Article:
# transaction for reporting using the same number as 
     # configured above; if the call is really missed, a report
     # will be issued
     setflag(3);
     # forward to user's current destination
     t_relay();
     break;
};
			    </programlisting>
			    
			</para>
	    </section> <!-- missed calls -->
	    <section>
		<title>NAT Traversal</title>
		<para>
		    NATs are worst things that ever happened to SIP. These devices
		    are very popular because they help to conserve IP address space
		    and save money charged for IP addresses. Unfortunately, they
		    translate addresses in a way which is not compatible with SIP.
		    SIP advertises receiver addresses in its payload. The advertised
		    addresses are invalid out of NATed networks. As a result,
		    SIP communication does not work across NATs without extra
		    effort.
		</para>
		<para>
		    There are few methods that may be deployed to traverse NATs.
		    How proper their use is depends on the deployment scenario.
		    Unfortunately, all the methods have some limitations and
		    there is no straight-forward solution addressing all
		    scenarios. Note that none of these methods takes explicit
		    support in <application moreinfo="none">ser</application>.
		</para>
		<para>
		    The first issue is whether SIP users are in control of 
		    their NATs. If not (NATs are either operated by ISP or
		    they are sealed to prevent users setting them up), the
		    only method is use of a STUN-enabled phone. STUN is 
		    a very simple protocol used to fool NAT in such a way,
		    they permit SIP sessions. Currently, we are aware of
		    one softphone (kphone) and one hardphone (snom) with
		    STUN support, other vendors are working on STUN support
		    too. Unfortunately, STUN gives no NAT traversal
		    guarantee -- there are types of NATs, so called
		    symmetric NATs, over which STUN fails to work.
		    <note>
			<para>
			    There is actually yet another method to address
			    SIP-unaware, user-uncontrolled NATs. It is based
			    on a proxy server, which relays all signaling and
			    media and mangles packets to make them more
			    NAT-friendly. The very serious problem with this
			    method is it does not scale.
			</para>
		    </note>
		</para>
		<para>
		    If users are in control of their own NAT, as typically residential
		    users are, they can still use STUN. However, they may use other
		    alternatives too. One of them is to replace their NAT with
		    a SIP-aware NAT. Such NATs have built-in SIP awareness,
		    that patches problems caused by address translations. Prices
		    of such devices are getting low and there are available
		    implementations (Intertex, Cisco/PIX). No special support
		    in phones is needed.
		</para>
		<para>
		    Other emerging option is UPnP. UPnP is a protocol that allows
		    phones to negotiate with NAT boxes. You need UPnP support in
		    both, NAT and phones. As UPnP NATs are quite affordable,
		    costs are not an obstacle. Currently, we are aware of one
		    SIP phone (SNOM) with UPnP support.
		</para>
		<para>
		    Geeks not wishing to upgrade their firewall to a SIP-aware or
		    UPnP-enabled one may try to configure static address translation.
		    That takes phones with configuration ability to use fixed port
		    numbers and advertise outside address in signaling. Cisco phones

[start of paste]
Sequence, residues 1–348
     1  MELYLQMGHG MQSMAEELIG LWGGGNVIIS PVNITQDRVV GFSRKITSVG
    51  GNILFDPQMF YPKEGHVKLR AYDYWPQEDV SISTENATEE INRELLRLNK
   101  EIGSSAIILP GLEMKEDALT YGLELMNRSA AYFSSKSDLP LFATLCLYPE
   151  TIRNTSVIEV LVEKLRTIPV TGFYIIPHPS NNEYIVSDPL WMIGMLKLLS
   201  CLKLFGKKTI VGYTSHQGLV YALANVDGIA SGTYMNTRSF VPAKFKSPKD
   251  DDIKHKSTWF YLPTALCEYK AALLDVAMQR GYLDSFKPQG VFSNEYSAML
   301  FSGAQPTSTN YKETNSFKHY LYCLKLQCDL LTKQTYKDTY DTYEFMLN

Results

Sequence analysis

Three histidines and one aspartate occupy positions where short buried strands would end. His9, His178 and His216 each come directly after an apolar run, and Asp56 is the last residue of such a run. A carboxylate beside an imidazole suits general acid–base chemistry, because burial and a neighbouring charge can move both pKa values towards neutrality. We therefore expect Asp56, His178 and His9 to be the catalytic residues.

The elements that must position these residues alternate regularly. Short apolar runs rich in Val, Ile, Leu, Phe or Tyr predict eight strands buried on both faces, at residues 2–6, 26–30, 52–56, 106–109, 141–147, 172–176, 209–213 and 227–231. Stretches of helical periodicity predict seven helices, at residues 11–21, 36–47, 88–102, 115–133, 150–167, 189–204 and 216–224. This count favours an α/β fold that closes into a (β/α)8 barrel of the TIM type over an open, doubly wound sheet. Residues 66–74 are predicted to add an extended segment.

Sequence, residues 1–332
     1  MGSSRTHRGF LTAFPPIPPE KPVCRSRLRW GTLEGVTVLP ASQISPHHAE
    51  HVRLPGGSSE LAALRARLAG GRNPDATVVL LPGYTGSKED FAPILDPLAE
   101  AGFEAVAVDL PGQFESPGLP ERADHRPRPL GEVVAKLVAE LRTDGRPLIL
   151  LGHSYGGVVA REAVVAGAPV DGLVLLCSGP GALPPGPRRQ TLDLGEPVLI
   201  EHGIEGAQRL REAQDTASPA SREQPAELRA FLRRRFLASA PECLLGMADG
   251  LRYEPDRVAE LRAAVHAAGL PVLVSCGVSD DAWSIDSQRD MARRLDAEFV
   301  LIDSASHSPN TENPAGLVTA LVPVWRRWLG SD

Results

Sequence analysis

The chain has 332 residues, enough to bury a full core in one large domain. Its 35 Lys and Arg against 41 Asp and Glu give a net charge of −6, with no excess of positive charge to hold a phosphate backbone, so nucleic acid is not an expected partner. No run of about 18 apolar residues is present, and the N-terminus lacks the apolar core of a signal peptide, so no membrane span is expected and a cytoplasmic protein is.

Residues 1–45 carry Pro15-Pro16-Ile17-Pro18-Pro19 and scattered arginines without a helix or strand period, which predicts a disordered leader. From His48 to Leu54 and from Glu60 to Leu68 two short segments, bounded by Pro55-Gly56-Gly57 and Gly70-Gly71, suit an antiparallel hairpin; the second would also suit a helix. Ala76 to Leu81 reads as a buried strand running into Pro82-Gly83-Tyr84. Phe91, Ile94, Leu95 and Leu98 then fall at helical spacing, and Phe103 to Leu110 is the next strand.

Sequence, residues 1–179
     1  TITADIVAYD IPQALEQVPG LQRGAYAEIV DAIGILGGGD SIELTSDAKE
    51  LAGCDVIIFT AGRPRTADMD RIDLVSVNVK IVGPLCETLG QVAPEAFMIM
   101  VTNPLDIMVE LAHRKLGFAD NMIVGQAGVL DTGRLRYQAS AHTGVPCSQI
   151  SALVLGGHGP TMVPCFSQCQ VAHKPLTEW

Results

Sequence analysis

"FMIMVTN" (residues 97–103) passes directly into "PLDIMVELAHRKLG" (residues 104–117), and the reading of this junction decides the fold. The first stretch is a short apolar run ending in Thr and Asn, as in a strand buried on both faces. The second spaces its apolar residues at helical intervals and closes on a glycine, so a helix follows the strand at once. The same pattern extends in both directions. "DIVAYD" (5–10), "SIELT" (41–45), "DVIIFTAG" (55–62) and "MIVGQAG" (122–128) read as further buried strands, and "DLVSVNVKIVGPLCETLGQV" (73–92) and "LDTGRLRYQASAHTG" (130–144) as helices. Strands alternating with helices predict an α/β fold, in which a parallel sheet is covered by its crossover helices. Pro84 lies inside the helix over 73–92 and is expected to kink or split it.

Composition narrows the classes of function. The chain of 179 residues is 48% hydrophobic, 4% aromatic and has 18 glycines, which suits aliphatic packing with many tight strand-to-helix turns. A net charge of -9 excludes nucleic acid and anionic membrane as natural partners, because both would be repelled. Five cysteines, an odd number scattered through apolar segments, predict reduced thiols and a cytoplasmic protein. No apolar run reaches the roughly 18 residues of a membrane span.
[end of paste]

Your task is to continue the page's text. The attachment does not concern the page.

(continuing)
have this capability, for example. The NAT devices need to
		    be configured to translate outside port ranges to the 
		    ranges configured in phones.		    
		</para>
	    </section> <!-- NAT traversal -->

		<section>
		<title>Using Only Latest User's Contact for Forwarding
		</title>
			<para>
				In some scenarios, it may be beneficial only to use only one
				registered contact per user. If that is the case, setting
				registrar module's parameter <varname>append_branches</varname>
				to 1 will eliminate forking and forward all requests only
				to a single contact. If there are multiple contacts, a contact
				with highest priority is chosen. This can be changed to
				the "freshest" contact by setting module parameter's
				<varname>desc_time_order</varname> to 1.
			</para>

		</section>

	    <section>
		<title>Authentication Policy: Prevention of Unauthorized Domain 
		    Name Use in From and More</title>
		<para>
		    Malicious users can claim a name of domain, to which they do 
		    not administratively belong, in From header field. This
		    behavior cannot be generally prevented. The reason is
		    that requests with such a faked header field do not need
		    to visit servers of the domain in question. However, if they
		    do so, it is desirable to assure that users claiming
		    membership in a domain are actually associated with it.
		    Otherwise the faked requests would be relayed and appear
		    as coming from the domain, which would increase
		    credibility of the faked address and decrease credibility of
		    the proxy server.
		</para>
		<para>
		    Preventing unauthorized domain name use in relayed requests 
		    is not difficult.
		    One needs to authenticate each request with name of the
		    served domain in From header field. To do so, one can
		    search for such a header field using <command moreinfo="none">search</command>
		    action (textops module) and force authentication if the
		    search succeeds.
		    <note>
			<para>
			    A straight-forward solution might be to authenticate
			    ALL requests. However, that only works in closed
			    networks in which all users have an account in the
			    server domain. In open networks, it is desirable to permit
			    incoming calls from callers from other domains without
			    any authentication. For example, a company may wish
			    to accept calls from unknown callers who are
			    new prospective customers.